It’s been raining for several days in Minneapolis, and all I want to do is write. Seeing strangers, my friends and family, coworkers — our faces read a mix of emotions. There’s an unshakable and palpable sadness, and an understanding that today, and every day going forward, feels much different than before April 21, 2016, the day Prince died.
This isn’t another tribute blog to The Purple One; I’m no music journalist, I didn’t know him personally, and my only claim to him is as a young fan, blessed to see him perform in concert, mournful like his other Minnesota residents and the entire world that such a brilliant and delightfully enigmatic light has left us.
I grew up five minutes from his Paisley Park Studios in Chanhassen, Minn., and have fond memories of dancing to Prince songs in my living room as a child. His music, his presence united people: We knew his star was bright, but to see our city honor and celebrate him, from Minneapolis City Hall to block parties in Minneapolis and Brooklyn to the world lighting up buildings and monuments in purple, is not only touching, but a reminder of how we are all One. We are all connected as human beings, and we are all connected through our love of Prince.
As the days have passed, I still find myself yearning for more stories, news, music, videos of and from him.
This piece by local music journalist Jim Walsh was lovely:
“That was Prince, throughout his career, and that’s what we mourn today — the loss of an eternal seeker, which all great artists are at heart.”
The Replacements’ Paul Westerberg spoke about how Prince filled a room with balloons when he learned of the passing of one of Westerberg’s friends. CNN correspondent Van Jones shares in an impassioned and heartbreaking perspective about Prince’s behind-the-scenes philanthropy, and how as a friend, he feels guilt over his passing. Among other strong pieces, the New York Times published this piece about Prince as the funky rule breaker who blurred the lines of sexuality and desire, with a note about one of my favorite Prince songs, “Raspberry Beret,” how fresh and new it felt with its “melting strings, finger cymbals, and a melody that sails upward like a let-go balloon.” And so much more.
Pulling together these clips and articles, listening to his albums, paying respects at Paisley Park and First Avenue nightclub, it’s all healing. It’s a puzzling time, and the emotions heavy and curious. When we lose someone of such status, why does it upset us so? The loss of life, the possibility of any more music, any other electric performances, the missing of what else could have been haunts us.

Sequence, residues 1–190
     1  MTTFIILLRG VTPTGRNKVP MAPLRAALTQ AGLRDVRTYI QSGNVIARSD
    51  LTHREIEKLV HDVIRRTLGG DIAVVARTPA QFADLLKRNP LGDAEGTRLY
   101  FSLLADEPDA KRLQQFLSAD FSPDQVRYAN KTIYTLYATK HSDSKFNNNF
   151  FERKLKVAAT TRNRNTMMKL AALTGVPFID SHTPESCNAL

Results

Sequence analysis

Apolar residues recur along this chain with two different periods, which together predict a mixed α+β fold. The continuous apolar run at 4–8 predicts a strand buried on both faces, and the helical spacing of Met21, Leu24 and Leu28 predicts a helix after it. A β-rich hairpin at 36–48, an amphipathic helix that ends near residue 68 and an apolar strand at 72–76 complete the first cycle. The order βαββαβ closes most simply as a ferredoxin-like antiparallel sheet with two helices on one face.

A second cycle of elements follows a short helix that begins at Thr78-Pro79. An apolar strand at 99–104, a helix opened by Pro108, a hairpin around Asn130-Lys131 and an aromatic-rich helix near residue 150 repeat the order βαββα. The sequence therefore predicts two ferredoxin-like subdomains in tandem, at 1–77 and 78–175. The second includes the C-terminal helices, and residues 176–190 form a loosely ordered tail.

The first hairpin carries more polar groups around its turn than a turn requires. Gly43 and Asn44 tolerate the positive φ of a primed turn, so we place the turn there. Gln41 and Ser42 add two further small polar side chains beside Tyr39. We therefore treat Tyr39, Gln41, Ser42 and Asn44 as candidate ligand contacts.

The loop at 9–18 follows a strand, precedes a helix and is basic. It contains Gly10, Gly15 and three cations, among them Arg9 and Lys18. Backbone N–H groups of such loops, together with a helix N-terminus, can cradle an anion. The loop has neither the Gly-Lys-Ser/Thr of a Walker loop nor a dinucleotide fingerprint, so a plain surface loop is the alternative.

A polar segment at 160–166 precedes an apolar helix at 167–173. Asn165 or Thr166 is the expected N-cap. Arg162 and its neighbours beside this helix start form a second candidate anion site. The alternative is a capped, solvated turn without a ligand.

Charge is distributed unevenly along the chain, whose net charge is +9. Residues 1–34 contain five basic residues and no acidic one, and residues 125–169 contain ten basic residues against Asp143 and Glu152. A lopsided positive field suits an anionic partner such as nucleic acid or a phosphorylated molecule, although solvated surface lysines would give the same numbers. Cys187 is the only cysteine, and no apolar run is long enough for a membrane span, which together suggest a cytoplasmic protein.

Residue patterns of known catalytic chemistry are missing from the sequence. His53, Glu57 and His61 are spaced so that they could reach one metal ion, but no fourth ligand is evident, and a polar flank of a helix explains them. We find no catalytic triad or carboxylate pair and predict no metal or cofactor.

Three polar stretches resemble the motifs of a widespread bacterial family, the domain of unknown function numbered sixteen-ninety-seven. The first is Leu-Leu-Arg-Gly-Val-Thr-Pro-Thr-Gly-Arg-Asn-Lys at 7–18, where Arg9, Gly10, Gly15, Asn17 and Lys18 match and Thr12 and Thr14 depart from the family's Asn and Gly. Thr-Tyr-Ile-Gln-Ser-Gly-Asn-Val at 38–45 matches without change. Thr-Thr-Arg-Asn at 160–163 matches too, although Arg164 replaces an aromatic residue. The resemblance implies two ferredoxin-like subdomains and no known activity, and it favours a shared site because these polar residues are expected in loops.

For as spiritually attuned as he was, and perhaps it was because of that, he seemed to celebrate life and love and beauty like no other. To give so much of yourself onstage and in the creative process is admirable — but for most people, terrifying.
This past year, I’ve wanted to write, and yet I haven’t. I can claim that I don’t have time, that between my usual duties as managing editor and life as a new mom, I don’t have the energy. It’s only partly true — our time is valuable, and as we’ve been reminded, so fleeting, with no guarantees — but I’m sure I could make the time if I didn’t feel this trepidation. The perfectionist’s fear of “never good enough,” the creative mind fearing critique, and the willingness to be expansive and bold remained these barriers to moving forward in my writing.
In reflection, when I think about Prince’s creative spirit, I am inspired by one so daring, so free in his voice and talent that he defied genres. Not everyone had to love his music, and yet he stayed true to his chosen path, he kept his integrity for his art, and we are all better people on this planet for it.
This isn’t a Prince tribute blog, and yet it is. To all of us who are willing to move forward fearlessly, bravely, creatively, and in service to the greater good, let’s continue to be empowered to want more, take risks, and fly free.
Need help getting unstuck and moving past perfectionism? Read more in “The Unexpected Gifts of Imperfection.”
Have a Prince story to share? Find me on Twitter, or post in the comments section below. And let me know how you honor and share your own creative spirit.